The Fresh Loaf

News & Information for Amateur Bakers and Artisan Bread Enthusiasts

Want lighter more airy crumb - Problem with second Proof

ewspears's picture
ewspears

Want lighter more airy crumb - Problem with second Proof

Hi!

This is my first Post and I'm hoping I can find some help here.

I have been making no-knead breads using bread flower have also used bread flower with 25% whole wheat & 10% Rye. I have used quick acting, instant, & sourdough on different loaves. I have used the 1/4 to 1/2 tsp yeast with cool water & 8-24hr, 72deg 1st proofing as well as the 1 1/4 to 2 tsp yeast with warm water & 1 to 3 hr, 85deg 1st proofing. Everything through this step seems OK, My dough has lots of bubbles and has more than doubled in volume

I degas, fold, & stretch the dough and place in a parchment lined container of appropriate size and shape for my 5qt dutch oven or my superstone bread baker. I give it a second proofing hoping it will double in size again; but it never does! All I ever get with the 2nd proofing is a 10 to 60% increase in volume. I have varied time and temperature to no avail. The better ones  are good and edible but not as light and airy as I would like.

Have wondered about mixing some beer or vinegar with the water. Also wonder about adding baking powder.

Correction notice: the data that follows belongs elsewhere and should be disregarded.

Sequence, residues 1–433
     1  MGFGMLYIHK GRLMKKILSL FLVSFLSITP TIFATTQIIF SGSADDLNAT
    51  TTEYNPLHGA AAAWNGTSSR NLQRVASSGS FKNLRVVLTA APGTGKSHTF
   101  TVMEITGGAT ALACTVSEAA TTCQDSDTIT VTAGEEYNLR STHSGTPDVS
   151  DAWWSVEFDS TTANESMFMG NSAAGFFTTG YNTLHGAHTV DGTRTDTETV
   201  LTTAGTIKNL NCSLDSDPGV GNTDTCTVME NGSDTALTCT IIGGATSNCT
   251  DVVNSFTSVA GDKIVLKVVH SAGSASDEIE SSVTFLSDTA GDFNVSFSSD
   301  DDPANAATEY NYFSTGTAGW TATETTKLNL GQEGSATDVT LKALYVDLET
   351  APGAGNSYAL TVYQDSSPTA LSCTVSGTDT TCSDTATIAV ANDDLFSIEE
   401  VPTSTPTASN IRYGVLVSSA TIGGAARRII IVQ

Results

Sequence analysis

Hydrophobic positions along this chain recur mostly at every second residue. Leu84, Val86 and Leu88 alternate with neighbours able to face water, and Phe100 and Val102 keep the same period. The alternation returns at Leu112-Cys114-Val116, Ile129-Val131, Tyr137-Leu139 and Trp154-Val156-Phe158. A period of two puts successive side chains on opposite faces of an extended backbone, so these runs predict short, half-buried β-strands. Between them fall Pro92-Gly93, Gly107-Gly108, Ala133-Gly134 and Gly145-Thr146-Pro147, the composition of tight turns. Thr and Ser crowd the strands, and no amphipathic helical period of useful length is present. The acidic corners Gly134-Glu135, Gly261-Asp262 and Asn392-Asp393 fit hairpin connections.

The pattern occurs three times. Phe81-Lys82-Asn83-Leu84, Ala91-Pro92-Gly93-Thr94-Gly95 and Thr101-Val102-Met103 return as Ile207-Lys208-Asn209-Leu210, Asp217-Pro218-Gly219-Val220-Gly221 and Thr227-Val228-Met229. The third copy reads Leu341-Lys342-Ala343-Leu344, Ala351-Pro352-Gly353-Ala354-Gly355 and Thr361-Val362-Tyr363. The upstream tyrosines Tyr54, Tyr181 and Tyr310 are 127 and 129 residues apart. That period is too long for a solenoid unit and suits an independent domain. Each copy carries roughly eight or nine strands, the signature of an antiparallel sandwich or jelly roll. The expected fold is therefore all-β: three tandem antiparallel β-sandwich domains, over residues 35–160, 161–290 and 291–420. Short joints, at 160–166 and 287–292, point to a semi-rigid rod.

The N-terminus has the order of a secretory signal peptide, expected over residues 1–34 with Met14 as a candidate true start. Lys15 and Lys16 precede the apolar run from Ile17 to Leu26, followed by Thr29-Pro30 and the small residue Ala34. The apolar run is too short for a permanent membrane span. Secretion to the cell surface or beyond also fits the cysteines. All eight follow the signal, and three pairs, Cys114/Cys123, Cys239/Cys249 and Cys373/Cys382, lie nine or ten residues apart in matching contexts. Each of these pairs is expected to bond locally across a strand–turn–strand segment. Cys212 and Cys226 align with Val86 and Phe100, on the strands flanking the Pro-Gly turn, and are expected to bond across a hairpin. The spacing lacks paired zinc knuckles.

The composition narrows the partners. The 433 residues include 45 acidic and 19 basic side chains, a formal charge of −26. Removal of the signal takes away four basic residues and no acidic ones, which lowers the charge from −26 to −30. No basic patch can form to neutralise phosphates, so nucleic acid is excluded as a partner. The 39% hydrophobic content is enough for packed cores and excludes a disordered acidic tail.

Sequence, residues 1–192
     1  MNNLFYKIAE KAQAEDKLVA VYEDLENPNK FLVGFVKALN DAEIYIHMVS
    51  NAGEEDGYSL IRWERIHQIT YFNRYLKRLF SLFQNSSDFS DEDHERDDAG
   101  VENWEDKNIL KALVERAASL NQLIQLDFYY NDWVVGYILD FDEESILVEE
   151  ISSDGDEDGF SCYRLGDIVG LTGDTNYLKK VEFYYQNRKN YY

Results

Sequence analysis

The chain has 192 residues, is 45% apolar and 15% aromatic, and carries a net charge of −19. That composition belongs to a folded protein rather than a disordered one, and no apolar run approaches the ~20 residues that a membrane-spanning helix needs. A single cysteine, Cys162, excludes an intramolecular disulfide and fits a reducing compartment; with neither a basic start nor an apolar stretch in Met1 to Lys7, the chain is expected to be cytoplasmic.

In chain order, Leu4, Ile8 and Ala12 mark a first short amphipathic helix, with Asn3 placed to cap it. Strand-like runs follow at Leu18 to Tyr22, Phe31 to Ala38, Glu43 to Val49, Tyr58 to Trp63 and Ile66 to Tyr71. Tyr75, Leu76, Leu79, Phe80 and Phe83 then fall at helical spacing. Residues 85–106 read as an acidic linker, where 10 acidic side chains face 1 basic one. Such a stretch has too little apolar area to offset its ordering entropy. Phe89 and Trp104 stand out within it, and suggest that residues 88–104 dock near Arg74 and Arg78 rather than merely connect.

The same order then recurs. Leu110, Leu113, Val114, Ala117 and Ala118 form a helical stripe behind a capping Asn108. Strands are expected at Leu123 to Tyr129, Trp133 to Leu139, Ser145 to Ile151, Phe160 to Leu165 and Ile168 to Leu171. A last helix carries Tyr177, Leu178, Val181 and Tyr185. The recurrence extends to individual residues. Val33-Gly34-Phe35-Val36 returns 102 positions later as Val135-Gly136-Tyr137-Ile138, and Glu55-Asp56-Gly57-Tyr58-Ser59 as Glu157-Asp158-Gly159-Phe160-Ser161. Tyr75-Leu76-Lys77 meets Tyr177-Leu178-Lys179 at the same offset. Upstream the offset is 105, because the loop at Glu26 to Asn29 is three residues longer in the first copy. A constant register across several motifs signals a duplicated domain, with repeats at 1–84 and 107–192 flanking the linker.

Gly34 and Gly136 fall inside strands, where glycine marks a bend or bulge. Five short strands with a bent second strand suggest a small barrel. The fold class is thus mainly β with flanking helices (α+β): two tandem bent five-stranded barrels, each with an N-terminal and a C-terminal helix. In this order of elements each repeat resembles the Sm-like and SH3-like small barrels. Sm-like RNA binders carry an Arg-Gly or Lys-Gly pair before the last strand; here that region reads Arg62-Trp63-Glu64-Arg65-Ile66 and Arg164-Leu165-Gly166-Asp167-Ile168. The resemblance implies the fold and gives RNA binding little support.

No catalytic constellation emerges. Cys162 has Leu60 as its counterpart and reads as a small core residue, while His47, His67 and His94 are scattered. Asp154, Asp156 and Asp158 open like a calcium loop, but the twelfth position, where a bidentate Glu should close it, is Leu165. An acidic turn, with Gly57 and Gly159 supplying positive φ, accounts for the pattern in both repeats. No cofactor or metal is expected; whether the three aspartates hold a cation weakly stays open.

Would really appreciate any help! Thank You for any Response!

idaveindy's picture
idaveindy

use a shorter first rise. Your yeast is probably eating up most all the food in the first rise, so don't double it.  Maybe 50%.  Also, use the finger poke test for the second rise, to see when it is ready to bake.  That way you'll get more rise in the oven.

Please  post a pic of your next loaf.

ewspears's picture
ewspears

I'm thinking You're "right on point" since I've always been on the high side of recipes on amount of yeast, proofing temperature, and proofing time

SourdoughSA's picture
SourdoughSA

Hi hi.....i trust you are well.

It might be a to long 1st proof, we also call it the bulk fermenting stage, because you use yeast.

It also depends how many % yeast did you use. Yeast is a quick thing, it ferments quick and eat up all the sugars, and if you ferment for to long, it starts to over oxidize the dough, and then it will starts to mess up your gluten instead of keeping it. You dough might even start to smell like vinegar after a while.

So try to add 1.8% yeast to your dough, bulk ferment overnight in the fridge, take the dough out the morning, chill it down for about an hour, shape it, and it will proof nicely, and then you can bake.

ewspears's picture
ewspears

I'm thinking You're "right on point" since I've always been on the high side of recipes on amount of yeast, proofing temperature, and proofing time